City Journal Winter 2016

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Larry Sand
Paycheck Protection Redux « Back to Story

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Rebecca Friedrichs October 28, 2012 at 9:55 PM
Outstanding and true! Thank you for providing a voice for teachers like me. I am against the union's political agenda, but I've been funding it against my will for 25 years. Thomas Jefferson's quote is appropriate and accurate in this situation.
If you read the language in Prop 32 it states to stop poliltical contributions through payroll deductions from corporations and unions. First,only unions collect dues through payroll deductions NOT corporations. There is a system with in every union that governs the tiny percent of the dues that go to politics and every member has the right to opt out. However, The language in Prop. 32 continues to state that even if money is collected through voluntary practices the union cannot use the money for any political purpose or communicate with their members regarding politics.
Second, the language of prop. 32 states it will stop pay to play. It only stops it during the bidding process, than corporations can go back to giving moneys. It doesn’t stop Corporate Super PAC’s, Wal-Mart, which is not a corporation, Anti union Billionaire CEOs, Koch Bros. or 501 4c non profits that don’t even have to report to the FFC who gave them money. Even the Chamber of Commerce can give unlimited amounts of money to their special interests.
Let’s talk Chamber of Commerce, their attorneys and members attend every MSHA, OSHA or CAL OSHA hearing I have every attended fighting to stop or repeal health and safety laws that protect workers. Yeah , that’s the folks I want to decide my working conditions and pay.
According to data compiled by the Center for Investigative Reporting..., the top labor unions spent $284 million on initiatives, candidates and parties from 2001 to 2011.
“But all together, the top contributors among the wealthy and business interests spent $931 million, swamping labor. Eliminating union spending would worsen this disparity, making it nearly impossible for millions of middle-class voters to make their voices heard.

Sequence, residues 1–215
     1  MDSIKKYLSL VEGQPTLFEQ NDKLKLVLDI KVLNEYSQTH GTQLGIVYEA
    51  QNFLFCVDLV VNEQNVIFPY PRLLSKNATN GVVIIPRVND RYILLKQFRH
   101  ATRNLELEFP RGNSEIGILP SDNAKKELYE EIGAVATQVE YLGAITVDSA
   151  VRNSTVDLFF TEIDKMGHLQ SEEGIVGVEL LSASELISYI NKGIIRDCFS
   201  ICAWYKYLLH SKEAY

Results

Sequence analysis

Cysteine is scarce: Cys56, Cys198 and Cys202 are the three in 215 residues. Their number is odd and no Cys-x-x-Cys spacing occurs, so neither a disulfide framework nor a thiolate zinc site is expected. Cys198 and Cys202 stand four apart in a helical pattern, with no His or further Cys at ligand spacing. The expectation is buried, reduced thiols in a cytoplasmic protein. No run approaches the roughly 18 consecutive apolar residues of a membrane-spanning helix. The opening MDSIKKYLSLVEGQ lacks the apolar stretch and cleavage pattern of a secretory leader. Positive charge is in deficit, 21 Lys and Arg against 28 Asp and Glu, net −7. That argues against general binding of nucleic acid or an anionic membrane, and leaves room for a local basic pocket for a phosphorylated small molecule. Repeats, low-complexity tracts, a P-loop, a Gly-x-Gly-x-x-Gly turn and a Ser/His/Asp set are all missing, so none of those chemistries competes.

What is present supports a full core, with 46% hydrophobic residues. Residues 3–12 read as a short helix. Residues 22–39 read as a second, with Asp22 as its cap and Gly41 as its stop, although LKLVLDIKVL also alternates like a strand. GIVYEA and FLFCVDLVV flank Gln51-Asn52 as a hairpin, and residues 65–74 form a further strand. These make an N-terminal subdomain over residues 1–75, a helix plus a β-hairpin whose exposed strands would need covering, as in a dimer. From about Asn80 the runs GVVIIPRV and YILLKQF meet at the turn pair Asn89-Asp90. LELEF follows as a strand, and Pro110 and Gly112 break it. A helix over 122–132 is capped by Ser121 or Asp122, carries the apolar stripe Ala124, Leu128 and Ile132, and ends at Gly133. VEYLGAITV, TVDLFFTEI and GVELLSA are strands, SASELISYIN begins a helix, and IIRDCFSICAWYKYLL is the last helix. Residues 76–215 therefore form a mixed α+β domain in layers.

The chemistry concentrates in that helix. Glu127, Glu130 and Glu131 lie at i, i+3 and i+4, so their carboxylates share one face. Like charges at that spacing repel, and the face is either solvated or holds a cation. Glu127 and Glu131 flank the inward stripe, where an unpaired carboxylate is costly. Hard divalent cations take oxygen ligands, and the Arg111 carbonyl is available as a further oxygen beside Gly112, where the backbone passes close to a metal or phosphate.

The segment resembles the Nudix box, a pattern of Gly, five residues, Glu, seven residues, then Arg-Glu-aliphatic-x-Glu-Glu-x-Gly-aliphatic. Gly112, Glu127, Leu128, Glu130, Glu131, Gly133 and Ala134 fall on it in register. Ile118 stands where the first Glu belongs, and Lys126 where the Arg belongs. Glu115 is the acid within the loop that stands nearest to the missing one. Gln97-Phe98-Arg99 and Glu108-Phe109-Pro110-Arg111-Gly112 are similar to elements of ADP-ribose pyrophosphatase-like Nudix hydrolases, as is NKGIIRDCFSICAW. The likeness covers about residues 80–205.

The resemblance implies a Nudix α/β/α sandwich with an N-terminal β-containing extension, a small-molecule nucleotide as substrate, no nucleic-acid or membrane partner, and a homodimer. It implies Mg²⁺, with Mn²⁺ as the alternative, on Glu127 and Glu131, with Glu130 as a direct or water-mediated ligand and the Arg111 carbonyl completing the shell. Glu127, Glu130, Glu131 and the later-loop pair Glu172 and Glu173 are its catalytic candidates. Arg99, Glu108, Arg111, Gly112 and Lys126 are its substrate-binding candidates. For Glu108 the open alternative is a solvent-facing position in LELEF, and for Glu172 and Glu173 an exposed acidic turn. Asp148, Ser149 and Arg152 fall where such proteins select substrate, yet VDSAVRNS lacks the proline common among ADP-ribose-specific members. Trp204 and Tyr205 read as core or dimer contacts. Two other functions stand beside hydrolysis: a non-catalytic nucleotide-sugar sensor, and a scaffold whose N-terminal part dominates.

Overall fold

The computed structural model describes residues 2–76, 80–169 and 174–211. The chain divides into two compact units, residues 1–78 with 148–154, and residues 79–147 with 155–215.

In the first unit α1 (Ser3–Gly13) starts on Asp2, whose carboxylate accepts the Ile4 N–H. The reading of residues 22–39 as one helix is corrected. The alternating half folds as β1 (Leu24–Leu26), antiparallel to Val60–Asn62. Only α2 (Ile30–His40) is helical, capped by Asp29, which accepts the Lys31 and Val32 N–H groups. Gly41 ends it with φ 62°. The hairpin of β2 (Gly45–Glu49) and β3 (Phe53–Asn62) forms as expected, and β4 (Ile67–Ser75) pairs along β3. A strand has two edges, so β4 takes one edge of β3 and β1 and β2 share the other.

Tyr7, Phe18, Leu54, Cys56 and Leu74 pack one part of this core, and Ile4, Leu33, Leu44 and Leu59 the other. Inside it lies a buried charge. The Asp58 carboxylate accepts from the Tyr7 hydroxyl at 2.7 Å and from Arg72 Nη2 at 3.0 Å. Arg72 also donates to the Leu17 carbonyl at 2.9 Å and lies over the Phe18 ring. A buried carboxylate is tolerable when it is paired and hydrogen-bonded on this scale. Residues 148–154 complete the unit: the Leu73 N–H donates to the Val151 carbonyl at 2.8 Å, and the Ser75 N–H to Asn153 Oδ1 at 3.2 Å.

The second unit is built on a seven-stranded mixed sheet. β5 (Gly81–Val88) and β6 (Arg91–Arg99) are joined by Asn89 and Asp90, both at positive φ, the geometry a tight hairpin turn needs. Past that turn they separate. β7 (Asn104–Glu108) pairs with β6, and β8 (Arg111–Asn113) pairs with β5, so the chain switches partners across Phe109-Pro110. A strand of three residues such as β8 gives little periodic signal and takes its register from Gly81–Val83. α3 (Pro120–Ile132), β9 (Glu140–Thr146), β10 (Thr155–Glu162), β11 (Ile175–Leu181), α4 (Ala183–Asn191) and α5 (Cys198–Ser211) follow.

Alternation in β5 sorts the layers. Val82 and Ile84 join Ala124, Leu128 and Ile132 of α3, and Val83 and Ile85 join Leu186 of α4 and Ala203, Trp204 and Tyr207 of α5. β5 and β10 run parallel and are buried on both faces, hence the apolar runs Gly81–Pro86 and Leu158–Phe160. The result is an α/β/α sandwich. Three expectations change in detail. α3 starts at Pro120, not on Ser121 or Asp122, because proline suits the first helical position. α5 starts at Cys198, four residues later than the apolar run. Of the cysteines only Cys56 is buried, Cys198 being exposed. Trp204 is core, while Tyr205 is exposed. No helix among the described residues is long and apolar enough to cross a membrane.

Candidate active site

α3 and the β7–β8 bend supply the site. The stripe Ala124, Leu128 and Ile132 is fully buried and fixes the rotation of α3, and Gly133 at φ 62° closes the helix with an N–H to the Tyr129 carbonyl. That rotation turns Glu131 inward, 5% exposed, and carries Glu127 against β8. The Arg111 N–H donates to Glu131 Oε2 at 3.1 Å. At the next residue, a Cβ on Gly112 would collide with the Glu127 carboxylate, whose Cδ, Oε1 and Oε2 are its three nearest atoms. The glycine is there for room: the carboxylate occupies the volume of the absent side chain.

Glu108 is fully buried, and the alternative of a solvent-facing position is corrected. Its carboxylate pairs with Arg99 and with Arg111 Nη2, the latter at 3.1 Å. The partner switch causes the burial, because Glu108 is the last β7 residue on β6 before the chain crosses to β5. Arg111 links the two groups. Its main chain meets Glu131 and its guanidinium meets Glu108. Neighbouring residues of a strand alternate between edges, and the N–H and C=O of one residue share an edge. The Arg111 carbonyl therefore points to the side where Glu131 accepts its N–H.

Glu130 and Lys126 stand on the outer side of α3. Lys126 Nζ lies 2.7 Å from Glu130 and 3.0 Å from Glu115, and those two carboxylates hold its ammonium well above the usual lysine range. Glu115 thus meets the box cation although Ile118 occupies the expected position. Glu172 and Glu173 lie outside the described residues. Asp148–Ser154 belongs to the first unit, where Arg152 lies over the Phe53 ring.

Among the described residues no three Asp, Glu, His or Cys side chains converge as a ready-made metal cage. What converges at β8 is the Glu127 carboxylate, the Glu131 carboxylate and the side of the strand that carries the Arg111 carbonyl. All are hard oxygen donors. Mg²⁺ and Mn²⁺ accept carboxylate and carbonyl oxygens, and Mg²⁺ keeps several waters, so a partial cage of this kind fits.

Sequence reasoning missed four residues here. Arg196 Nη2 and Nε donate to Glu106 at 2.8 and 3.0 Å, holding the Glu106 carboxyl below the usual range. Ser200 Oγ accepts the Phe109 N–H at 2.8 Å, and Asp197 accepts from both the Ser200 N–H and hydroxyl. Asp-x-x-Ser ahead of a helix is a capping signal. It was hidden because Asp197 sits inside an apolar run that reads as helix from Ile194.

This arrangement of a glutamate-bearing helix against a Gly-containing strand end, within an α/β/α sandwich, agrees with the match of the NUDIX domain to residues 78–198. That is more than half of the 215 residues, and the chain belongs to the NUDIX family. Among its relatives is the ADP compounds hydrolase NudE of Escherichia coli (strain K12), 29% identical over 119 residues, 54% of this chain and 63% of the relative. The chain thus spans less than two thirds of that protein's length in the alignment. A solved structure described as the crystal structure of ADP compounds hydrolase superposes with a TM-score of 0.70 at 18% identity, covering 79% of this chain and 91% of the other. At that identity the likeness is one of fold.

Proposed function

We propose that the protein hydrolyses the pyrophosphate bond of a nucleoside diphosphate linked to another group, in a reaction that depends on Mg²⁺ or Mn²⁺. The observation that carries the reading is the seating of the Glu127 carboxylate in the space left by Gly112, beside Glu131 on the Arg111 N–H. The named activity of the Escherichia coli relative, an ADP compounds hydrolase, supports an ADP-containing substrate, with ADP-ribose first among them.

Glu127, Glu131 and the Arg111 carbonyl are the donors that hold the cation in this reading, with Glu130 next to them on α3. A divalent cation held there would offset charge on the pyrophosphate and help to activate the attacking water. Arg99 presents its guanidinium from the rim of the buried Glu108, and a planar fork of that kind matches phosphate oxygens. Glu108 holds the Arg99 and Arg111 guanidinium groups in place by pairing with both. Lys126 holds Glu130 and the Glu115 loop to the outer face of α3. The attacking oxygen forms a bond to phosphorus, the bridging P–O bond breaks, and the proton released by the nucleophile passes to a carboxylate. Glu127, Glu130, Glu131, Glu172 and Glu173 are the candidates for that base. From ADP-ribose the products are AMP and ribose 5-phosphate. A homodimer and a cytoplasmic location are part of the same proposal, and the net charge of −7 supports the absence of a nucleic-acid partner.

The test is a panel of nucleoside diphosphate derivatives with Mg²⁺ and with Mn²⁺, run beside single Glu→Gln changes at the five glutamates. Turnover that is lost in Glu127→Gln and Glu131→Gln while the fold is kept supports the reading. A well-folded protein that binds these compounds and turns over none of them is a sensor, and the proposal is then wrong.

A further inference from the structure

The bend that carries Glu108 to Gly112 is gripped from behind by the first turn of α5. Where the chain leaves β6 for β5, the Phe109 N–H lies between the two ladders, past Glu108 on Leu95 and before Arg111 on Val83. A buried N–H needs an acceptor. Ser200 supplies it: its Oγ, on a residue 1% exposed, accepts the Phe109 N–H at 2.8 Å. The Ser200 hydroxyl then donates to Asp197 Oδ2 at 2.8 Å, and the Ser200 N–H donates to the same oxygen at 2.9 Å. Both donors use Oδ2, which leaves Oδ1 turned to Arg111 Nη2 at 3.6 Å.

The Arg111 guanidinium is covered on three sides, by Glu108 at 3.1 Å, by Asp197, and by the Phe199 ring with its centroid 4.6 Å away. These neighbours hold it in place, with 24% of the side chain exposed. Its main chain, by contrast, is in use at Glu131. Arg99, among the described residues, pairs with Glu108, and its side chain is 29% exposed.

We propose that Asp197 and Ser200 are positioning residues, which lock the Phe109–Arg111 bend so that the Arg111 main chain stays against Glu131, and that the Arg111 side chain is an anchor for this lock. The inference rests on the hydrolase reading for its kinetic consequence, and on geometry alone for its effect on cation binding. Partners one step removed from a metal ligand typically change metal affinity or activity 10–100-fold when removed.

Indeed, some of the largest contributors to the 32 campaign are the same wealthy men who have spent millions to influence politics over the past decade.
One add to my last comment: The NEA and CTA rebates are constant around the state, but the local union rebates vary.
Chris R., if Prop. 32 passes, your voice will still be welcome in Sacramento. You will still be able to contribute to your favorite politician/cause. Also, your $6 dollar figure doesn’t come close to reality. Here is an accurate deduction breakdown, courtesy of teacher-blogger Darren Miller. An agency fee payer, he posted the following last November:

Last year I paid over $1,000 in union dues. …Refunded to me was $358.20. Here's the exact wording of the letter accompanying my check:

As noted in our prior letter, the rebate percentages(the amount not spent on employee representation)are:
What you've written is inaccurate, in some respects. It is very easy to opt-out of the payroll deductions, which amount to about 6 dollars a year per teacher. Prop 32 is not about Jeffersonian morality, but about cutting off Union power and influence at the knees. As a teacher, I don't see the benefit of losing my voice in Sacramento.
Given our state’s history and our performance as voters, most sober observers would conclude California’s ballot initiatives, “Proposition this, that or whatever”, are pretty much a joke on the general populace and nothing for our politicians to lose any sleep over. We voted in support of heterosexual marriage and whatever happened to that Proposition? We voted to deny free emergency room medical care to illegal immigrants and today our city emergency rooms are the primary providers of free medical care to undocumented workers and their families.

Our state’s two leading scientists, Michael J. Fox and Nancy Reagan, convinced a majority of Californians, through another Proposition, to spend $3 billion on embryonic stem cell research to cure Alzheimers and MS. Today, not one single Californian has been cured by anything remotely related to embryonic stem cells. We have cured various political insiders of personal funding shortfalls and appointed loyal friends of influential politicians to a state funded board tasked with insuring that $3 billion in taxpayer funding was impartially disbursed to legitimate research parties – meaning the money was quietly divvied up and given to those special interests who originally conceived the $3 billion stem cell Proposition. Oh, and not to forget those Wall St. firms and attorneys who helped float the bonds which raised the $3 billion.

Between the courts and the bureaucracy in Sacramento, the odds that a successful Proposition will actually change the political landscape is similar to winning the Mega Bucks lottery twice in the same week. We should demand our politicians actually do something to earn their salaries rather than depend on the voters to initiate new law. But, on second thought, where’s the fun in that?